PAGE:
You don't need to remind West coach Don Holtry that it is East-West week — and more important — game day.
When you played at West in the early '60s, had three sons follow in your footsteps, and witnessed it all as a 14-year coach for West, the longest-running rivalry in state history doesn't need any explaining.
"I don't think I've ever taken them lightly," said Holtry. "There's just something between the two schools."
Whether it's football, wrestling, baseball or golf, whenever the directional schools hook up, serious bragging rights are on the line. If the schools could find a way to make baking a sport, that would also evolve into a highly competitive event between the two schools.
Friday's 7 p.m. kickoff at East will be the 104th meeting between the two schools. East leads the all-time series, 52-44-7, including a blowout 44-7 win last year.
Aside from bragging rights, last year's game didn't mean much. It was the second-to-last game of the season, and West had one victory compared to winless East. This year though, both teams are 2-1, and Friday night is each team's first Region 5 game.
"It will get one of us off on the right foot," said Holtry.
Perhaps Holtry's greatest recollection of the rivalry was in 1990, the year his team didn't get off on the right foot.
East entered that season-opening game on a 29-game losing streak, dating back to the final game of the 1986 season. All they did was beat a shocked West team 42-35 in quadruple overtime.
"We should've won that game, but everything went wrong for us in those overtimes," said Holtry.
He was reminded of that loss years later when he'd go watch his daughter's volleyball games at East High. There was a plaque just outside the gym commemorating that victory, and Holtry got a pit in his stomach every time he saw it.
In contrast, East's Aaron Whitehead is in his first season as the head coach for the Leopards, but the rivalry is equally big in his eyes.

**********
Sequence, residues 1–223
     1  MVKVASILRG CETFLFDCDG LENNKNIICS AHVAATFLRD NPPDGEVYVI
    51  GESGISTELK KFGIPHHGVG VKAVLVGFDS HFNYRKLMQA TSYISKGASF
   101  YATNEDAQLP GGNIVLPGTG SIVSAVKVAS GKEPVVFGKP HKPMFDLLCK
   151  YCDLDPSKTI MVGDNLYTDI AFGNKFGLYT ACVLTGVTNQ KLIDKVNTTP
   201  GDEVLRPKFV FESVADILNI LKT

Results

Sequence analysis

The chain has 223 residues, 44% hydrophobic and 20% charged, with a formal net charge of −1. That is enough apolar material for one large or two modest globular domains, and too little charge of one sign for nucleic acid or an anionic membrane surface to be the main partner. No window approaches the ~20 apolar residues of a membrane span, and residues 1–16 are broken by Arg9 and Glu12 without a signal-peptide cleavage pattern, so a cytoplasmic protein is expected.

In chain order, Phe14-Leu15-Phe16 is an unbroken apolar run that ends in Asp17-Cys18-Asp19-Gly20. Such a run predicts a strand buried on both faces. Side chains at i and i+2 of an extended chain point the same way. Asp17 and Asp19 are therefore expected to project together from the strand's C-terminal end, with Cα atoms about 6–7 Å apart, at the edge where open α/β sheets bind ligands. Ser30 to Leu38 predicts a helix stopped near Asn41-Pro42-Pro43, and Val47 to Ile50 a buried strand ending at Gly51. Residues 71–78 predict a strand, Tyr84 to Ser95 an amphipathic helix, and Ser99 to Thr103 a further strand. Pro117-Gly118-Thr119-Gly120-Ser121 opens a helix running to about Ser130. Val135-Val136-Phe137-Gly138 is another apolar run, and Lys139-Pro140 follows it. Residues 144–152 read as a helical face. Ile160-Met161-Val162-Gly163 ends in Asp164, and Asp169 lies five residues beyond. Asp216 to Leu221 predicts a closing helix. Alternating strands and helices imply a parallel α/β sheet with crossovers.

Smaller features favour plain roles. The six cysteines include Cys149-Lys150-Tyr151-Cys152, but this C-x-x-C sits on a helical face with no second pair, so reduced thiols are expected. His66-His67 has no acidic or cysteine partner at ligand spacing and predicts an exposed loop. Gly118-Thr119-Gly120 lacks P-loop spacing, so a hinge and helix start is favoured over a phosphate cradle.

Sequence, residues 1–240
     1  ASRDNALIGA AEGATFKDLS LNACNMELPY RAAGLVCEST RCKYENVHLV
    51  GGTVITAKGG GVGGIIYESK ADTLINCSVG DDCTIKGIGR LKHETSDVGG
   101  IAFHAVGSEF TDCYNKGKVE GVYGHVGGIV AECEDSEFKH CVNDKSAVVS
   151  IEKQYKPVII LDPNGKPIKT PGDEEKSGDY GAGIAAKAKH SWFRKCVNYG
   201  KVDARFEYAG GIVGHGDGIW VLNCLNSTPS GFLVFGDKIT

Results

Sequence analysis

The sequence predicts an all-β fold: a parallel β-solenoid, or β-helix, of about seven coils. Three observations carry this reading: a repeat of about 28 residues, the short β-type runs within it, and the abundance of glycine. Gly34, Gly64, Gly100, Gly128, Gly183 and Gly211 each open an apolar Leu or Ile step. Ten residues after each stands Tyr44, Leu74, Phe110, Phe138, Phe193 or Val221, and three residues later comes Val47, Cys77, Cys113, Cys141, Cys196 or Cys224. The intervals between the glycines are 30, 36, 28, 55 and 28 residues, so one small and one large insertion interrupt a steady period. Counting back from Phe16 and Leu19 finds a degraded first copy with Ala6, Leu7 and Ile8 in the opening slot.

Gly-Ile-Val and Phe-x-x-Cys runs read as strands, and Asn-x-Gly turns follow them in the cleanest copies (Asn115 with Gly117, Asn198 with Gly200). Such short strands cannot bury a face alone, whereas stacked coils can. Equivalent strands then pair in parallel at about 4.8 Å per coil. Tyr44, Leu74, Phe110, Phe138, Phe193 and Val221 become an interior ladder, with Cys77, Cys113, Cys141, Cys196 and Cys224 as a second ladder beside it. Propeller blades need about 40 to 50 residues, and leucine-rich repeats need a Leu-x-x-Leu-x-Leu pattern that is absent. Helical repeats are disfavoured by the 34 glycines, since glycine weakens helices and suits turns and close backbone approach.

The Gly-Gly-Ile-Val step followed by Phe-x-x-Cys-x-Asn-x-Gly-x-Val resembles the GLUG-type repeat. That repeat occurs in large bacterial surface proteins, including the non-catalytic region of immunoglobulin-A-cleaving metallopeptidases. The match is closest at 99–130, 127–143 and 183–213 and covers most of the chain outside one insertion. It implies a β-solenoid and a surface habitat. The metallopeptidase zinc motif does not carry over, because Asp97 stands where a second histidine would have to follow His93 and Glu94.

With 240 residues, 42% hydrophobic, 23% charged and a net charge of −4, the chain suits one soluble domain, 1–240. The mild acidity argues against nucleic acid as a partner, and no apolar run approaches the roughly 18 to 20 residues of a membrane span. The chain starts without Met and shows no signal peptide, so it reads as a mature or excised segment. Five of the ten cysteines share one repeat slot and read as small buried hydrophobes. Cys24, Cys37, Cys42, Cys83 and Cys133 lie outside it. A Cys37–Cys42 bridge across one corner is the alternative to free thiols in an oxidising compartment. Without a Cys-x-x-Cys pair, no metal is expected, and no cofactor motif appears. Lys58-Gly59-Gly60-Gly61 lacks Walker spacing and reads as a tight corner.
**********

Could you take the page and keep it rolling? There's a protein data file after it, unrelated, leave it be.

"It's an honor to be part of the state's longest tradition," said Whitehead. "To the kids it's a pretty big deal."
He's trying to make that tradition an even bigger deal to the players. Whitehead continually reminds his players that thousands of East High graduates, dating as far back as the World War I era, pick up Saturday's newspaper to see if East won or lost.
To further excite his team regarding tradition, he had Elder Joseph B. Wirthlin come speak to East before the season-opening Northridge game. Elder Wirthlin, a member of the LDS Church's Quorum of the Twelve Apostles, was also the starting quarterback for the Leopards in 1930.
Last week, prior to East's game at Granger, Whitehead arranged for Mike Williams to speak with the team. He was merely the quarterback of the 1953 team that won the state championship.
"We're trying to establish some traditions that can add to the great traditions we have," said Whitehead. "I think it's important that they know that a lot of people have gone to East."
Many of those alums have passed away, but the joke around the school is they still take an interest in East football as "the ghosts of East High."
OTHER BIG GAMES: Lehi travels to American Fork for the 61st meeting between the schools since 1931. . . . Despite its only being the 26th meeting, few games are ever bigger in any sports than Alta-Brighton. When the Hawks visit Bengal Country this Friday, they'll try and build off of last year's thrilling 25-23 overtime thriller. Brighton leads the all-time series 16-9. . . . Tooele and Judge are meeting for the 46th time, Springville and Orem for the 40th and Provo and Pleasant Grove for the 39th.
MILESTONES: Both Morgan and North Summit are aiming for the school's 350th victory, while Bear River has its sights set on win No. 300. . . . Sky View's Perry Christensen is coaching his 250th game.
ATTENTION COACHES: A reminder to home coaches to please call the Deseret Morning News with the information from your game as soon as possible after the final whistle. The newspaper's local number is 237-2161; long-distance is 1-800-688-2161.